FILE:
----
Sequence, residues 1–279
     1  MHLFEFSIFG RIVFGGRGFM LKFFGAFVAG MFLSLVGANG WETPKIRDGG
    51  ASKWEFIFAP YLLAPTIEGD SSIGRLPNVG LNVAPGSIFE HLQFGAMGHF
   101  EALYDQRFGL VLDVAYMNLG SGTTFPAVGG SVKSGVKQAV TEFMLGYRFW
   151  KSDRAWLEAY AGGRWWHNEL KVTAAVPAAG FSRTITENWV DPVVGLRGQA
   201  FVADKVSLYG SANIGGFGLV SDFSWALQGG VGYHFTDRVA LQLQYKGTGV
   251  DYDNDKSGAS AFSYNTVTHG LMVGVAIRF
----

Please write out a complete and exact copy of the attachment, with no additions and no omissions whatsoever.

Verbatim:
Sequence, residues 1–279
     1  MHLFEFSIFG RIVFGGRGFM LKFFGAFVAG MFLSLVGANG WETPKIRDGG
    51  ASKWEFIFAP YLLAPTIEGD SSIGRLPNVG LNVAPGSIFE HLQFGAMGHF
   101  EALYDQRFGL VLDVAYMNLG SGTTFPAVGG SVKSGVKQAV TEFMLGYRFW
   151  KSDRAWLEAY AGGRWWHNEL KVTAAVPAAG FSRTITENWV DPVVGLRGQA
   201  FVADKVSLYG SANIGGFGLV SDFSWALQGG VGYHFTDRVA LQLQYKGTGV
   251  DYDNDKSGAS AFSYNTVTHG LMVGVAIRF